The FAA is developing a program to conduct Wildlife Hazard Assessments at approximately 2,000 general aviation airports.
The FAA expects this program to begin later this year, in a phased-in approach that will take several years to complete because of the large number of assessments required. The FAA will make AIP funding available for these assessments, according to officials with the agency.
The assessments are part of new initiatives enacted after the US Airways Flight 1549 bird strike and emergency landing in the Hudson River last January.
One of those initiatives was making the FAA’s entire bird strike database available to the public for the first time. Prior to last April, only portions of the database were publicly available. The FAA began collecting data in the 1990s for use by the FAA’s Office of Airports, academia, and researchers as a means to improve airport safety and reduce wildlife hazards, officials noted.
In June, the FAA issued a certification alert to airport operators, reminding them of their obligation to conduct Wildlife Hazard Assessments if they experience a “triggering event,” such as an air carrier experiencing multiple wildlife strikes or substantial damage from striking wildlife, wildlife being ingested into the engine of an air carrier, or wildlife of any size, or in any numbers, capable of causing any of those problems.
The FAA identified 96 airports that had experienced these types of events but had not conducted an assessment. As of December, approximately 16 airports had completed assessments, 51 had begun assessments, and 21 are slated to begin assessments this year.
Meanwhile, in May, the FAA tasked SRA International, Inc., a provider of information technology service, and Richard Dolbeer, Ph.D., a world renowned wildlife hazard mitigation expert, to review its National Wildlife Strike Database. The FAA wanted to determine the current level of wildlife strike reporting; the level of voluntary strike reporting necessary to develop national trends; whether mandatory strike reporting is necessary; and how the FAA could increase its data collection.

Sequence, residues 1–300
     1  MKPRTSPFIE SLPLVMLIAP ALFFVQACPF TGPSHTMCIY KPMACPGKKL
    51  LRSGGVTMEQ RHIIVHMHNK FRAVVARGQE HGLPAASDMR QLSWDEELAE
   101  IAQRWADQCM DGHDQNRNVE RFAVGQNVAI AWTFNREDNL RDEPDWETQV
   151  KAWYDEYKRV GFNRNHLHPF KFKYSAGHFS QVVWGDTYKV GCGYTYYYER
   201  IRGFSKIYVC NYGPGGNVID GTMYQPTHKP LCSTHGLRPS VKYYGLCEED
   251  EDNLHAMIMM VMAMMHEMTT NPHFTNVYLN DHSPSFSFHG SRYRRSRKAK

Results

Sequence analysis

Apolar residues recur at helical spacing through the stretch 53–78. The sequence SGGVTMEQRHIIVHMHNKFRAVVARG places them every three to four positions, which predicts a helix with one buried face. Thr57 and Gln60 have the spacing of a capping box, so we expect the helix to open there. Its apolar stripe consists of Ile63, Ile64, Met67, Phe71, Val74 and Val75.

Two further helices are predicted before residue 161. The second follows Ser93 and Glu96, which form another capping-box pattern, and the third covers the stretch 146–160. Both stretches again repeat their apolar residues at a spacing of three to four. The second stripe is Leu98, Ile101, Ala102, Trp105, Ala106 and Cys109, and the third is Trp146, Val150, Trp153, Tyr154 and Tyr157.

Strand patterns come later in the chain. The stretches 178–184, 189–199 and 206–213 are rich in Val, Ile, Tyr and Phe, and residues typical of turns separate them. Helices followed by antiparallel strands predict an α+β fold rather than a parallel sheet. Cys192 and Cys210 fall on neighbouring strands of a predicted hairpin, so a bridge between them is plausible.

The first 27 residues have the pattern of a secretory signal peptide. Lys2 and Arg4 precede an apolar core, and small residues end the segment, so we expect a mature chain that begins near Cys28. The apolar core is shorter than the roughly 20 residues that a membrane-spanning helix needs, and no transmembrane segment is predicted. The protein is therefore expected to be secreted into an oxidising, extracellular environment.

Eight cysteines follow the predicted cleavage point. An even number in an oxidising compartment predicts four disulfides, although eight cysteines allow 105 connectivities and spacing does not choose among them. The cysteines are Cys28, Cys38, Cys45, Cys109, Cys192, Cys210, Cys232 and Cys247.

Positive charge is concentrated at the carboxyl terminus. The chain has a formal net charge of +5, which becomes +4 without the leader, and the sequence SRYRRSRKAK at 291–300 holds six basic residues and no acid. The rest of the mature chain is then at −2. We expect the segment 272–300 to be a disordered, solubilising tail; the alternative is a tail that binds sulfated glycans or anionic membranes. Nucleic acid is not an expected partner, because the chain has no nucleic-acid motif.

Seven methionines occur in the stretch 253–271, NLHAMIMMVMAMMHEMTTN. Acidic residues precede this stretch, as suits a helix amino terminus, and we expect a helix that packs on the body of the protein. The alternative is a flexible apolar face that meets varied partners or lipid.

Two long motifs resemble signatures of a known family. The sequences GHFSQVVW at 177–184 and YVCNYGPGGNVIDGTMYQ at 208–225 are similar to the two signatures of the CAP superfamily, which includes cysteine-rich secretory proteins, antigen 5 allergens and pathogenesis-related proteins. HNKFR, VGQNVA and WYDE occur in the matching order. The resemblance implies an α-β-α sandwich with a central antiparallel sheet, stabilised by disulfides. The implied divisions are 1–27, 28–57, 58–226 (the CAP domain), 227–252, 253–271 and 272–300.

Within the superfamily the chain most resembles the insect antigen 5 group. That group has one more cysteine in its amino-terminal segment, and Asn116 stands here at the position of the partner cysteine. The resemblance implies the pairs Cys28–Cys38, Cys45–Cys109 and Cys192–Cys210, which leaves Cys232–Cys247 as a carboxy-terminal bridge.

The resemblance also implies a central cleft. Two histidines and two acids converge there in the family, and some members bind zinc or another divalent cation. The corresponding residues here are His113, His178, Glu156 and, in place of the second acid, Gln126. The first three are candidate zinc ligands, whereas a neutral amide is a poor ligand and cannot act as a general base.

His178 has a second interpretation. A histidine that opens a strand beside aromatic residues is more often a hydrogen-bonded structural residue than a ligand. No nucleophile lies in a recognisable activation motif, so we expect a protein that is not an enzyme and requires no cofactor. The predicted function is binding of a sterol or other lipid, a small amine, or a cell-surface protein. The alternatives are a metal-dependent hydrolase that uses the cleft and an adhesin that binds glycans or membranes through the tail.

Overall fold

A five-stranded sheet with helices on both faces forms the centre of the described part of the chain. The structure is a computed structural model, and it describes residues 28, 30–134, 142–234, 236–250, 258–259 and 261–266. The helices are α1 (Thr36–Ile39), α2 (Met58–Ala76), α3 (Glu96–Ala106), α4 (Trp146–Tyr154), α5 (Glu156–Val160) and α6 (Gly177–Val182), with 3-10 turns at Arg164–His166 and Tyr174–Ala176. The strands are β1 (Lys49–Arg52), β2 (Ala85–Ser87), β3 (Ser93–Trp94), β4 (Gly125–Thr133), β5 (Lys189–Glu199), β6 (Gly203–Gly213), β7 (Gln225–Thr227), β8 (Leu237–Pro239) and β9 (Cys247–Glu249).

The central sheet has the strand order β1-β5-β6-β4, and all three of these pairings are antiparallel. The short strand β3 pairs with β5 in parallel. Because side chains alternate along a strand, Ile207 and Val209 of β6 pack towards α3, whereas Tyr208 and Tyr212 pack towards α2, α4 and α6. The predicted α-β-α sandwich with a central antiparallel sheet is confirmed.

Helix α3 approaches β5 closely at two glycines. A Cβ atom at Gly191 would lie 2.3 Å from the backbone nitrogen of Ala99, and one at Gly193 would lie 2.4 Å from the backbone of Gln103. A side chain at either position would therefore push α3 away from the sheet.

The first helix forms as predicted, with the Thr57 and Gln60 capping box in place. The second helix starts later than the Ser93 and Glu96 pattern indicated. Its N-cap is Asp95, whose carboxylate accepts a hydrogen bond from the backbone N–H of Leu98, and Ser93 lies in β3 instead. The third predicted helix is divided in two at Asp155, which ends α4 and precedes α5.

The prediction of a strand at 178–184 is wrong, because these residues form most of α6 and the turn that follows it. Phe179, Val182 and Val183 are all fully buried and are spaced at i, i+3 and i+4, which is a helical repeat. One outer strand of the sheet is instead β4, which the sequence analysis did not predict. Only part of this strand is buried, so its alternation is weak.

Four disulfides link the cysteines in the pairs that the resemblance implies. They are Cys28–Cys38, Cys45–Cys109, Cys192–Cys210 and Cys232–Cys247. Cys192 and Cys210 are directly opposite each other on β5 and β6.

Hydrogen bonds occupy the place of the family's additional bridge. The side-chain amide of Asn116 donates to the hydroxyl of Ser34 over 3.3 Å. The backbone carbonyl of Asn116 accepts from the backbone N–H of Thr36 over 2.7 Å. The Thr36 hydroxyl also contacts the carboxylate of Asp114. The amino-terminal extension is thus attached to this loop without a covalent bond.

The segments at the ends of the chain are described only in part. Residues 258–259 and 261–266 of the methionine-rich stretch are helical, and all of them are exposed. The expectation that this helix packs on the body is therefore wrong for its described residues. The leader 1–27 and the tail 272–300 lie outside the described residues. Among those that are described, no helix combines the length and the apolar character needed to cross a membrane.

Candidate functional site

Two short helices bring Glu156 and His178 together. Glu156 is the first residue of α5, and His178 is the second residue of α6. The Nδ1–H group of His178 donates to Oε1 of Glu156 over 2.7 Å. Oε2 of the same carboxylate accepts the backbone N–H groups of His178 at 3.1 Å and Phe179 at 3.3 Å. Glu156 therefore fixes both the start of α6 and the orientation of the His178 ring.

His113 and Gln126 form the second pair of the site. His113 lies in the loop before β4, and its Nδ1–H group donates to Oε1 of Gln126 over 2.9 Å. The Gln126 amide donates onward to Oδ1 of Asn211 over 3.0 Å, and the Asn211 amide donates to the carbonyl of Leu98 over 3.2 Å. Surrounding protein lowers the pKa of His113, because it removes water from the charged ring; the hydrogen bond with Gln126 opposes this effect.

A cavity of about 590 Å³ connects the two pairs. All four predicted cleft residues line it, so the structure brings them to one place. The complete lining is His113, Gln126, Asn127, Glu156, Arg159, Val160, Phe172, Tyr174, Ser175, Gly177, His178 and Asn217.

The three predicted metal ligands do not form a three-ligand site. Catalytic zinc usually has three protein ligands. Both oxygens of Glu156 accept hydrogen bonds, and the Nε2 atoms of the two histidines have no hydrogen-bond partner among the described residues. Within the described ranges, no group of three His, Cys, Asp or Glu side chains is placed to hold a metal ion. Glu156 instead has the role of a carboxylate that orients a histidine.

In a December report, Dolbeer estimated that the total number of strikes reported has increased from 20% in 1990-1994 to 39% from 2004-2008. The majority of strike reports are filed at Part 139 airports, with approximately 6% at general aviation airports. Dolbeer determined that 39% is sufficient for the FAA to develop national trends and mitigation policies, concluding that mandatory reporting is not required.
The FAA also retooled its wildlife hazard website, so it now has search fields that enable users to find data on specific airports, airlines, engine types, as well as date and state without having to download the entire database.
In addition the FAA is developing software that would allow anyone to file a wildlife strike report using handheld mobile devices.
The FAA is also continuing to work with the Smithsonian, military and aircraft manufacturers to identify bird species using remains from strikes. Bird identification helps airfield personnel put together habitat management programs that discourage birds from nesting on airfields and provides information to aircraft manufacturers so they can better design engines and aircraft to withstand bird collisions, FAA officials said.
The FAA also is continuing its work with the USDA to make airports safer by reducing the risks of aircraft-wildlife collisions. Research efforts designed to improve wildlife management techniques and practices on and near airports include:
- Methods for making airport habitats less attractive to species that are the most dangerous in terms of aircraft collisions. This is accomplished by studying which species use the airport property, how they behave in that environment, and why they are attracted
- Techniques for controlling species by restricting access to attractive features like storm water ponds
- Technologies for harassing and deterring hazardous species